Today’s post picks up the story of Heifer Project shipments to Germany in the 1950s through the eyes of Heifer Project Representative Joe Dell who was stationed there. In my previous post, Dell had taken seagoing cowboy Rev. A. H. Elshoff to the distribution of the 8th shipment in Coesfeld. The remainder of the heifers from that shipment had been distributed on June 29, 1950, to forty-two families in the Reichswald settlement. In his August 1950 report, “Reichswald Pioneers,” Joe Dell tells their story:
In a number of rather isolated rural areas in Germany today pioneers are clearing the timber land and breaking the soil in ventures reminiscent of days when pioneers in our own land forged westward in search of new lands and new homes.
These are refugee families who have been forced by the ravages of war to find new homes and new places to earn their livelihood. In western Germany today there are an estimated 9 to 13 million of these people. . . . For the past five years they have been waiting out a dreary and often hopeless existence in refugee camps . . . Or have been living with friends or relatives and struggling to support themselves as best they could by obtaining work from day to day.
Slowly now, some of these people are able to leave camp and extablish [sic] new homes for themselves and herein lies the pioneering venture. . . . It is with such people, who are building new homes for themselves, that [Heifer Project Committee] heifers are being placed.
But let us look a little more closely in order that these people may become known to us. In the westernmost part of Germany, a few miles from the Holland border, lies the Reichswald or German forest. Here more than 1100 years ago Charlemagne and his knights ruled the Frankish kingdom, and here less than six years ago bitter fighting destroyed much of the beauty and worth of the forests. During the past year more than 2,000 acres of these woods have been cleared and homes built or started for five hundred families. Some will earn their living entirely from working the soil, others will work in the community village which is being built. Very soon a school will be completed and the children will no longer have to make the long trip into Kleve where the nearest school is now located.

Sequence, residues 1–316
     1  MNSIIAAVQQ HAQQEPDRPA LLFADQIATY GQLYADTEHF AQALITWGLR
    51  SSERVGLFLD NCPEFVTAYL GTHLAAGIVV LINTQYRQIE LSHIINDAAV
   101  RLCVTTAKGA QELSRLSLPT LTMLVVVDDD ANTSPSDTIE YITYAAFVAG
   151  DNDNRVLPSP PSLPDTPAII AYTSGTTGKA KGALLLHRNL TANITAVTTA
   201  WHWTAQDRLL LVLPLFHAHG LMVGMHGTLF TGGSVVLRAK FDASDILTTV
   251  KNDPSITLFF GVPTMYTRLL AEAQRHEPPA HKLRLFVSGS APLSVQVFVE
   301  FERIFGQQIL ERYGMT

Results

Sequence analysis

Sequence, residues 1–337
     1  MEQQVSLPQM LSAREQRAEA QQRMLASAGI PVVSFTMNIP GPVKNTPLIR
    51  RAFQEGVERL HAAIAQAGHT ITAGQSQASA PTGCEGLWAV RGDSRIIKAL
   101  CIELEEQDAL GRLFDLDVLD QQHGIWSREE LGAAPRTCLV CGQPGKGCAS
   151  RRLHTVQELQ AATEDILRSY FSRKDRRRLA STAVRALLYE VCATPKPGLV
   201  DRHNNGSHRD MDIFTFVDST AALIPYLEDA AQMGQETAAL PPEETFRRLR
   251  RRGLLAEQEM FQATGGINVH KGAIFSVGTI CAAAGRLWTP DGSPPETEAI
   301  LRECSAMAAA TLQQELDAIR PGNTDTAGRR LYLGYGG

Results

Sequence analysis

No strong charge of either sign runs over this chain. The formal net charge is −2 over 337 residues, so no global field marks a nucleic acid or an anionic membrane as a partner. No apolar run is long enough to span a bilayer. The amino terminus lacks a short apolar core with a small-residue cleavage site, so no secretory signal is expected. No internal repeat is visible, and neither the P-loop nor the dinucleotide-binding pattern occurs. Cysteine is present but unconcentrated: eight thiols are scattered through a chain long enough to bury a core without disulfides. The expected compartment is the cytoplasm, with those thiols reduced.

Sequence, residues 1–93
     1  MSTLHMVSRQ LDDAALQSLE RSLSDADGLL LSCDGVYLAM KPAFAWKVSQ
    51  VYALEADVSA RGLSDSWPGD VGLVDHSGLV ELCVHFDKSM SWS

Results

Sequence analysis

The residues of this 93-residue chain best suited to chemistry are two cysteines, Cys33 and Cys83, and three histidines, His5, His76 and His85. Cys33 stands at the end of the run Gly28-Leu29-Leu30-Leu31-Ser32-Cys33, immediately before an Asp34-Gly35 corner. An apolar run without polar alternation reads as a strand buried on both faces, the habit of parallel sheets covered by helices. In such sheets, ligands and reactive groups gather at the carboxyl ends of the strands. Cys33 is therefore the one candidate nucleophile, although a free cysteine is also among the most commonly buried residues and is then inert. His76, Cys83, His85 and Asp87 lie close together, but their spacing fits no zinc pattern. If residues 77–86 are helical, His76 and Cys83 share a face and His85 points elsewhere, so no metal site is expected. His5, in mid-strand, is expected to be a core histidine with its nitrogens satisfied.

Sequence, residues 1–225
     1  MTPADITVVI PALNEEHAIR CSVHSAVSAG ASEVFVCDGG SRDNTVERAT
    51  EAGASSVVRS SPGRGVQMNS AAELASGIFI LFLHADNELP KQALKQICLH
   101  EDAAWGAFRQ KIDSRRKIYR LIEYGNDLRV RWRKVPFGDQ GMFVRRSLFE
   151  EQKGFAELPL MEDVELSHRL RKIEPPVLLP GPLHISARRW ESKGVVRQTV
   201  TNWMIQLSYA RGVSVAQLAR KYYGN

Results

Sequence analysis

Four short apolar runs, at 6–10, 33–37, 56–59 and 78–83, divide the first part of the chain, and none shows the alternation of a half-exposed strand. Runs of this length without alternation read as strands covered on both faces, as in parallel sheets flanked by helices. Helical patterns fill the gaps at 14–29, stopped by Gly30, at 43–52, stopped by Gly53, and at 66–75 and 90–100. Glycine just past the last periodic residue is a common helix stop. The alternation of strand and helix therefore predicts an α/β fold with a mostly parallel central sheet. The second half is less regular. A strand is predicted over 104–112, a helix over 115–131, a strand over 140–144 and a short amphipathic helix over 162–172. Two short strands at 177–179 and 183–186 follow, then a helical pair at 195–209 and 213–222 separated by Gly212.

On one of the 35 acre farms in this community lives widow Queling with her eight children. Her husband met with an accident last year and was killed leaving the mother and children to carry on alone. Both she and her husband were born near the Reichswald area and migrated in 1928, after their marriage, to Silesia on the German-Polish border. In 1945 the war overtook them; they had to leave their farm and livestock and make their way as best they could into western Germany. Then followed years of hardship, when hunger and want stalked the land and the struggle for survival was fierce. The Quelings lived during that time with relatives in a village some miles from the Reichswald. Late in 1949 the news came to them of the opportunity to establish their own home and start a new life here. The German Government was helping families to clear the forests, to break the land and to have their own home for the first time in years. Soon thereafter the family joined in the work of clearing stumps and getting the ground in shape for the spring planting.
Their joy in building a new home was turned to sadness by the death of the father in December and the family had to carry on the struggle alone. Finally a part of the land was cleared and potatoes, oats and hay were planted. Last June brought happy news again to the Quelings and to Reichswald. Forty-two heifers, some already giving milk and others to freshen soon, had arrived in Bremen; sent to this new community by Christian friends in the United States. From Indiana, Ohio, Pennsylvania and even as far away as Oregon, these heifers had been sent by people who wished to share their abundance that others might be helped to a better life.
Forty-two of the neediest families in the Reichswald received one heifer each. The Quelings waited expectantly to see which theirs would be. Finally the cattle arrived from Bremen and the selections were made. The Quelings led their newest possession, a red and white heifer, to her new home. She had been given by Henry Kirk and had come from Halse, Oregon; more than 7,000 miles by railroad, by ship, and by truck. During the day the cow would be turned out to pasture in an adjoining field and brought home each evening by the children so that she could be milked.
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We could continue the story of hundreds and thousands of Quelings and Geils and Kirsches. Their stories are different, yet alike. All have known the bitterness of hunger and cold and hopelessness. Some know also the joy and hope inspired by a future wherein they can begin again and the knowledge that someone in America has cared enough to send them help — even from 7,000 miles away.
Next regular post: My visit to the Reichswald recipients